Synopsis: Hungry for adventure, four bored college girls land in jail after robbing a restaurant in order to fund their spring break vacation. They soon find themselves bailed out by a rapper/drug and arms dealer who will give them a spring break experience they will never forget.
What You Need To Know: In the hands of an average joe, “Spring Breakers” could just be a dramatic reading of "Girls Gone Wild." In the hands of gonzo auteur Harmony Korine, this bizarre and magical film becomes something entirely different. A pop-art fever dream, it's a far cry from Korine's last film, "Trash Humpers." It's a glossy, gorgeous, curiously dream-like cult-hit in the making, according to our Venice review. Led by a career-best performance from James Franco as the drug dealer Alien, he's backed up by the unlikely and usually wholesome quartet of Selena Gomez, Vanessa Hudgens, Ashley Benson and Heather Morris. It might be a touch more conventional than Korine's usual fare, but it's no less impressive, and we've got our fingers crossed that its cannily-timed release sees it become a surprise spring break smash among the college crowd.
Release Date: Friday March 15th
Synopsis: The friendship between two teenage girls in 1960s Britain is put to the test when one begins an affair with the other's father.
What You Need To Know: Sally Potter's films have become more and more esoteric over the years (her last was shot entirely on a mobile phone, and was about as watchable as that sounds), but she took a step away from the brink with her excellent period coming-of-age drama "Ginger & Rosa," which premiered at Telluride last September, where our Rodrigo Perez gave it a rave review. While the "narrative tends to grow unwieldy and wanders non-linearly from a coming-of-age story to something much wider and more complex," "there's much to love" about the film. The scenes of adolescent joy are "wonderfully vibrant and charged with an electric youthful energy you simply cannot bottle," but it also knows when to become "sparse and minimal, but always with a thoughtful, examining gaze that illuminates the lives of these frustrated characters." The film "seals the deal for [Elle] Fanning as a serious performer who is going to have a long and valued career in cinema," it also provides a good showcase for the "oft-undervalued" Alessandro Nivola, as her father. It risks being overshadowed by heavier competition this month, but hopefully, audiences catch on to a film that's "beautiful, yet dark and moving, unsparing, but told with a sympathetic eye."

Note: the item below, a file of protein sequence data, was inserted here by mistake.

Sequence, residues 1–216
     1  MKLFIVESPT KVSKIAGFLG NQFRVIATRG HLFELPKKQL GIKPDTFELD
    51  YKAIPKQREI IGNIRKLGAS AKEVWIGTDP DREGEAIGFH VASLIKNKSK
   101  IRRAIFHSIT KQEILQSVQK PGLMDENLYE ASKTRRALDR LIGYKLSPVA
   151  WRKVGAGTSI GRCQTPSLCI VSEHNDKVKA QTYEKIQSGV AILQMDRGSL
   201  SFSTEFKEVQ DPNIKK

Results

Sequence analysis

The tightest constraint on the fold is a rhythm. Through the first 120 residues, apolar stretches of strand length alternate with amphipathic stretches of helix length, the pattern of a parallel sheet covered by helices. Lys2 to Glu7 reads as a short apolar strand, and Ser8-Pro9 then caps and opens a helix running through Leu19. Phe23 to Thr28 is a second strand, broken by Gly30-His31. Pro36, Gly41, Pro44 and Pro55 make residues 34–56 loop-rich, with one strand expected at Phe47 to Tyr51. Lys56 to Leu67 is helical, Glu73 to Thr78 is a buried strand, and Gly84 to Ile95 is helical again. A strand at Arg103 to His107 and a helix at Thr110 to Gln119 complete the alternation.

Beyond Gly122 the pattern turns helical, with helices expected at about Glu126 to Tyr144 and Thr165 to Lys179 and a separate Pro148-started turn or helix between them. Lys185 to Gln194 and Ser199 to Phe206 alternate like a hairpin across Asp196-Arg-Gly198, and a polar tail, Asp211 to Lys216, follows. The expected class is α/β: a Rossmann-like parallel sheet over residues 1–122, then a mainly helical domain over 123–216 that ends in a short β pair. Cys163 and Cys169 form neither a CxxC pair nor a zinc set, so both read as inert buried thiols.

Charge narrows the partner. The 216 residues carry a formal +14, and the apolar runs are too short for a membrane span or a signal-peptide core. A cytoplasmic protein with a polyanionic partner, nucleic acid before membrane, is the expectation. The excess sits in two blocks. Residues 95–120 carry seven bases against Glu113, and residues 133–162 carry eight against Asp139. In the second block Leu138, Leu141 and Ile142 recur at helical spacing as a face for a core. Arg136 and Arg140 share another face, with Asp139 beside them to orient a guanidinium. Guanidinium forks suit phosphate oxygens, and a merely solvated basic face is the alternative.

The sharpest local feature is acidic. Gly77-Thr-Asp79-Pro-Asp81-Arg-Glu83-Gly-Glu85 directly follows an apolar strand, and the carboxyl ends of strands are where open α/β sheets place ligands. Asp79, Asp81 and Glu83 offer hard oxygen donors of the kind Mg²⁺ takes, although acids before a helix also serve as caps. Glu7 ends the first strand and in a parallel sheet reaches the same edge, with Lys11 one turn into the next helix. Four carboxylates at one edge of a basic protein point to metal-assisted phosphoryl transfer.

Release Date: Friday March 15th
Synopsis: Years after letting him slip through his fingers, a London cop has a second chance to bag his nemesis when he comes back into the country to find his comatose son.
What You Need To Know: Still somewhat under the radar a month before release, we suspect that "Welcome To The Punch" is about to put a lot of people on the map, not least director Eran Creevy, who made an impressive debut with "Shifty" a few years back, but steps up to the majors in a big way. A glossy London-set action-thriller influenced by, among others, Tony Scott, Michael Mann and Hong Kong action movies, it has a pretty great cast for a film like this, with James McAvoy, Mark Strong, Andrea Riseborough, "The Walking Dead" star David Morrissey, Johnny Harris, Peter Mullan and Daniel Mays among those making appearances. We've seen the film, but we're still under embargo. But we don't think we're giving the game away too much by saying that this is something you should be putting on your to-see list when it hits theaters at the end of the month.